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Field Usage Guidelines

.NET Framework 1.1

The following rules outline the usage guidelines for fields:

  • Do not use instance fields that are public or protected (Public or Protected in Visual Basic). If you avoid exposing fields directly to the developer, classes can be versioned more easily because a field cannot be changed to a property while maintaining binary compatibility. Consider providing get and set property accessors for fields instead of making them public. The presence of executable code in get and set property accessors allows later improvements, such as creation of an object on demand, upon usage of the property, or upon a property change notification. The following code example illustrates the correct use of private instance fields with get and set property accessors.
    Public Structure Point
       Private xValue As Integer
       Private yValue As Integer
       
       Public Sub New(x As Integer, y As Integer)
          Me.xValue = x
          Me.yValue = y
       End Sub 
       
       Public Property X() As Integer
          Get
             Return xValue
          End Get
          Set
             xValue = value
          End Set
       End Property
       Public Property Y() As Integer
          Get
             Return yValue
          End Get
          Set
             yValue = value
          End Set
       End Property
    End Structure 
    [C#]
    public struct Point
    {
       private int xValue;
       private int yValue;
       
       public Point(int x, int y)
       {
          this.xValue = x;
          this.yValue = y;
       }
    
       public int X
       {
          get
          {
             return xValue; 
          }
          set
          { 
             xValue = value; 
          }
       }
       public int Y
       {
          get
          { 
             return yValue; 
          }
          set
          { 
             yValue = value; 
          }
       }
    }
    
  • Expose a field to a derived class by using a protected property that returns the value of the field. This is illustrated in the following code example.
    Public Class Control
          Inherits Component
          Private handle As Integer
          
          Protected ReadOnly Property Handle() As Integer
             Get
                Return handle
             End Get
          End Property
       End Class 
    [C#]
    public class Control: Component
    {
       private int handle;
       protected int Handle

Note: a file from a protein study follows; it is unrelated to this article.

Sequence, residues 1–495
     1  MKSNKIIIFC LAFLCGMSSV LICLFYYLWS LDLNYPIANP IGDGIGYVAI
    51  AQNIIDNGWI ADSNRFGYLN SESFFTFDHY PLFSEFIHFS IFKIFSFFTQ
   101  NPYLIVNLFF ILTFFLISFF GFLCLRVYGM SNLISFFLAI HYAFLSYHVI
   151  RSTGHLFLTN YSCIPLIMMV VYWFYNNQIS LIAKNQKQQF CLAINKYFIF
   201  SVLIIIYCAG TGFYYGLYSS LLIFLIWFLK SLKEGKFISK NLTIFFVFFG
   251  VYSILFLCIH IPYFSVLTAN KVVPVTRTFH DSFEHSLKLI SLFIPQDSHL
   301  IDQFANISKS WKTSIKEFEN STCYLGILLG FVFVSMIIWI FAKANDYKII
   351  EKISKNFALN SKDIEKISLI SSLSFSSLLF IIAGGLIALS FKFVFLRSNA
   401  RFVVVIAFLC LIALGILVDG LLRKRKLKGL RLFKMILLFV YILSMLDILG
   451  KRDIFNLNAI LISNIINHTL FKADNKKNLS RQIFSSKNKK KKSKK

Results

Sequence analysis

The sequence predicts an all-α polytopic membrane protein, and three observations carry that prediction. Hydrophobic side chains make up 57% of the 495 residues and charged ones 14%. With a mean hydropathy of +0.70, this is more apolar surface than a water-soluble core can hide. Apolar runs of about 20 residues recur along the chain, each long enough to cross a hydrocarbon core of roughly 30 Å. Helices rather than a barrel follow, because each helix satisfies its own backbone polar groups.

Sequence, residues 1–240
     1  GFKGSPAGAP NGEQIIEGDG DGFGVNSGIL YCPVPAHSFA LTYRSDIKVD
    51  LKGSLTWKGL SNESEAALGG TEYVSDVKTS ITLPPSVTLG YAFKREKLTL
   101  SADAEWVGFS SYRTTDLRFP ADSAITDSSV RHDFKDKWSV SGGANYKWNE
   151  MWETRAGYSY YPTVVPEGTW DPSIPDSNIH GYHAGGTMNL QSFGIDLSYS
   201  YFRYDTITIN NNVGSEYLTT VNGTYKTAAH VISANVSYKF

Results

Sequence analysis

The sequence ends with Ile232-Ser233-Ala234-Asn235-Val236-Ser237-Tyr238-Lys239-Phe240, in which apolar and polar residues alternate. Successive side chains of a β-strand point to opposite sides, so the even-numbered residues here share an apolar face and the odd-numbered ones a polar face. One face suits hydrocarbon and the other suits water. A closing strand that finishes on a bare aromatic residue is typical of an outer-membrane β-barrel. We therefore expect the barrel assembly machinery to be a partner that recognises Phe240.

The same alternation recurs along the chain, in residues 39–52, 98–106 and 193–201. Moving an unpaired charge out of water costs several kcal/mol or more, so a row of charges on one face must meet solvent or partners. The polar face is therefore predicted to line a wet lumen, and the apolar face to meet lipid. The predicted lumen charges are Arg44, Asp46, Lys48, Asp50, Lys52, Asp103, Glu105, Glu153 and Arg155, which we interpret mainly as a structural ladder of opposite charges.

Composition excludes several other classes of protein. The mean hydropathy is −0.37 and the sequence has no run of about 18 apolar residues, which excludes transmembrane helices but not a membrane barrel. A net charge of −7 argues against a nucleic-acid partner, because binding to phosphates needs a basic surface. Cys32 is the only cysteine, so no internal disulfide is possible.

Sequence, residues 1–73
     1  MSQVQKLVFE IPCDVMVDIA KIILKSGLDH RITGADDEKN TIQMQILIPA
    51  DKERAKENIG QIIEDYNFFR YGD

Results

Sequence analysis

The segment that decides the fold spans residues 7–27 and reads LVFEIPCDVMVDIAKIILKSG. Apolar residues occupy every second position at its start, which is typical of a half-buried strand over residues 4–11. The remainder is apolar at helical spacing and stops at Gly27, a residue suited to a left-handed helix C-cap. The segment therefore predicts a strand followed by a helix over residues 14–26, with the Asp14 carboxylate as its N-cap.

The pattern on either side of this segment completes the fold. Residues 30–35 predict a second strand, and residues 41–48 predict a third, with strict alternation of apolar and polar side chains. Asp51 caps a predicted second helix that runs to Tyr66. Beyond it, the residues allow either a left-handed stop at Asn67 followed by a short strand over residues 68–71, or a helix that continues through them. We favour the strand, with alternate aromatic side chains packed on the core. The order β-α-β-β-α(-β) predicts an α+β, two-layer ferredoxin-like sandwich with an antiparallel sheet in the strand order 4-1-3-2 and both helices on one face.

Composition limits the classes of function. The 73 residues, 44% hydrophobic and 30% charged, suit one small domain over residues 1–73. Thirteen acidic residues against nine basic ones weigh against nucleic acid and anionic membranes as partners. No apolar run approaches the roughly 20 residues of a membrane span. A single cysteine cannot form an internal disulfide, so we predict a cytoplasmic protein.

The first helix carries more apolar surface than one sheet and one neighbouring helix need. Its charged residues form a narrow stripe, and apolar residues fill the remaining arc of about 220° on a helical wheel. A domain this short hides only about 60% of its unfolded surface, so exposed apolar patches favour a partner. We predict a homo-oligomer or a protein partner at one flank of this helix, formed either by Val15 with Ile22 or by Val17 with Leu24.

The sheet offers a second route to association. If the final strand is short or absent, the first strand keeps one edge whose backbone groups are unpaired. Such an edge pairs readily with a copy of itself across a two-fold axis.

{
          get
          { 
             return handle; 
          }
       }
    }
    
  • Use the const (Const in Visual Basic) keyword to declare constant fields that will not change. Language compilers save the values of const fields directly in calling code.
  • Use public static read-only fields for predefined object instances. If there are predefined instances of an object, declare them as public static read-only fields of the object itself. Use Pascal case because the fields are public. The following code example illustrates the correct use of public static read-only fields.
    Public Structure Color
       Public Shared Red As New Color(&HFF)
       Public Shared Green As New Color(&HFF00)
       Public Shared Blue As New Color(&HFF0000)
       Public Shared Black As New Color(&H0)
       Public Shared White As New Color(&HFFFFFF)   
       
       Public Sub New(rgb As Integer)
       ' Insert code here.
       End Sub 
       
       Public Sub New(r As Byte, g As Byte, b As Byte)
          ' Insert code here.
       End Sub    
       
       Public ReadOnly Property RedValue() As Byte
          Get
             Return Color
          End Get
       End Property   
       
       Public ReadOnly Property GreenValue() As Byte
          Get
             Return Color
          End Get
       End Property
       
       Public ReadOnly Property BlueValue() As Byte
          Get
             Return Color
          End Get
       End Property
    End Structure 
    [C#]
    public struct Color
    {
       public static readonly Color Red = new Color(0x0000FF);
       public static readonly Color Green = new Color(0x00FF00);
       public static readonly Color Blue = new Color(0xFF0000);
       public static readonly Color Black = new Color(0x000000);
       public static readonly Color White = new Color(0xFFFFFF);
    
       public Color(int rgb)
       { // Insert code here.}
       public Color(byte r, byte g, byte b)
       { // Insert code here.}
    
       public byte RedValue 
       { 
          get
          {
             return Color;
          }
       }
       public byte GreenValue 
       { 
          get
          {
             return Color;
          }
       }
       public byte BlueValue
       { 
          get
          {
             return Color;
          }
       }
    }
    
  • Spell out all words used in a field name. Use abbreviations only if developers generally understand them. Do not use uppercase letters for field names. The following is an example of correctly named fields.
    Class SampleClass
       Private url As String
       Private destinationUrl As String
    End Class
    [C#]
    class SampleClass 
    {
       string url;
       string destinationUrl;
    }
    
  • Do not use Hungarian notation for field names. Good names describe semantics, not type.
  • Do not apply a prefix to field names or static field names. Specifically, do not apply a prefix to a field name to distinguish between static and nonstatic fields. For example, applying a g_ or s_ prefix is incorrect.

See Also

Design Guidelines for Class Library Developers | Class Member Usage Guidelines | Static Field Naming Guidelines

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